Monday, January 3, 2011
Walking your dog is a healthy activity for you and your dog. Going to dog parks provides a safe and enclosed area where you can let your dog run off leash and play with other dogs. Sometimes, however, a dog comes from out of nowhere and attacks your dog. Breaking up dog fights between your own dogs at home is one thing, but trying to break up a fight when you're away from home is something completely different. How can you protect your dog and yourself if another dog attacks your dog?
It can be hard to figure out why another dog suddenly attacks your dog. A dog's body language can be subtle, and signals from both dogs can be missed by the person holding the leash. However, whatever it was that caused the hostile reaction doesn't really matter when two dogs are locked in battle, with you on the other end of your dog's leash. Of course, it's best to avoid a fight all together, but that's not always possible and breaking up dog fights can be dangerous for dogs and people.
Dog attacks while walking your dog are not uncommon, and you have to be prepared for possible encounters. What you should do depends on who you talk to. Some dog experts recommend carrying a heavy duty walking stick to use on an attacking dog. Other experts say to drop your dog's leash and stay out of the way. For me, neither one is a good option. It's my job to protect my dog, and I also don't want to hurt another dog.
My dogs look to me as their leader, and it's my responsibility to protect them. Dogs can come out of the blue to attack your dog and you don't always have an opportunity to read his body language. If you do encounter a dog that is off leash while you're out walking alone or with your dog, stay calm and keep a close eye on the dog. Be aware of what's going on, and expect the unexpected.
Having a sturdy walking stick does have a purpose. It’s something you could use to get in between two fighting dogs. If you have a chance to prepare before the dog attacks, when he starts moving toward you, yell “No” and take a step towards him. Try to read his level of aggression by looking at his eyes (intense and focused) without staring at him, ears (laid back on his head), hair standing up on the back of his neck or along the rump and movements that are stiff. If you can get him to back off, move away slowly, but don't turn your back on him. Try to keep your dog as calm as you can. Any show of aggression from him can prompt an attack from the other dog.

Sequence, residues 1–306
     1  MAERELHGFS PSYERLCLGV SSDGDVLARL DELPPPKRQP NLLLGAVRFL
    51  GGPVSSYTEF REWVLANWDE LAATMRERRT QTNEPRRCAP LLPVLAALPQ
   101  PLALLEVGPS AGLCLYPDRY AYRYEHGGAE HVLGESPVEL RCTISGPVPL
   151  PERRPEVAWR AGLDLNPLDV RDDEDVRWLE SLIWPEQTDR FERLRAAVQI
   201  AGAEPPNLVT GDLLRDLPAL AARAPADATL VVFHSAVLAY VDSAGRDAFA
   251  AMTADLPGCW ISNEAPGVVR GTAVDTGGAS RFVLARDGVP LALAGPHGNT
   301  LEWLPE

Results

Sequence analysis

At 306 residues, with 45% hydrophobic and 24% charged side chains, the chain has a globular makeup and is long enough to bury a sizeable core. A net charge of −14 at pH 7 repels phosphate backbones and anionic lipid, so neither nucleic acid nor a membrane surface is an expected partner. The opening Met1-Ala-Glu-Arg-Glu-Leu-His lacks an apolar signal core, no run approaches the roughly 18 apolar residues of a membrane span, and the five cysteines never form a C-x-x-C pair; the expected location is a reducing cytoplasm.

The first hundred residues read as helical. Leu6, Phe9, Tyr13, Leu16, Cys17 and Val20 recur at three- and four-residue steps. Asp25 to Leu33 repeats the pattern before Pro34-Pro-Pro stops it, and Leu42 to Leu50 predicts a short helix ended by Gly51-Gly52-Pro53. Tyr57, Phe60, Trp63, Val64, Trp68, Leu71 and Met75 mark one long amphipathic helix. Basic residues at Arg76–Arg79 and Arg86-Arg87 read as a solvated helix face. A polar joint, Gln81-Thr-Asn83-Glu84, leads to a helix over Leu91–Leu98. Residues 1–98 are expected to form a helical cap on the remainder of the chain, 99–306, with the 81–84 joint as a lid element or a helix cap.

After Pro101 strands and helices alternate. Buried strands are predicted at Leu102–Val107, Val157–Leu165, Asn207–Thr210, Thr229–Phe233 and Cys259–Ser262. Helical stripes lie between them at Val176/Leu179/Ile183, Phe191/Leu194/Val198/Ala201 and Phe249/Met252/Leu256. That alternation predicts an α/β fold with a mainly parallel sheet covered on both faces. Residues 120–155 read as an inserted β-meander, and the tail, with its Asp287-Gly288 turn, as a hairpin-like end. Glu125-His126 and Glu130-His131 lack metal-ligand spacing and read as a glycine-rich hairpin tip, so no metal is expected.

You can carry a backpack with some clothing or a small blanket inside – anything to give it bulk to use to push the other dog away, or to put in between the dogs to give you some protection from snapping teeth. Carrying one or two cans of pepper spray or bear spray is always good. Don't be afraid to use as much as needed and spray directly into the dog's nose and eyes. Be mindful of the wind so you don't spray yourself. If you have to use the spray on your dog as well, don't hesitate to do so. A bright flashlight can be directed into the eyes of an attacking dog to temporarily blind him. Another useful thing to carry is an air horn. The loud noise could persuade the dog not to attack in the first place. If he does attack, the horn might help break up either dog's focus during a fight, and will help call attention to other people in the area to come help.
Your best defense against another dog attacking your dog is to be alert and try to prevent an attack from happening. If that's not possible or it happens before you're aware there's even another dog around, try to stay calm. A mind that's in panic mode doesn't function well. Think about what you would do before you have an encounter. Carry a stout walking stick and anything that might be helpful in a convenient pocket where you can quickly grab what you need.
Understanding dog behavior is one of your best weapons if another dog attacks your dog. I recently wrote on article on understanding dog fights that might help you. There are no simple answers though. The best thing to do is to stay alert and calm, and think about what to do before you encounter an attack.
Read more articles by Linda Cole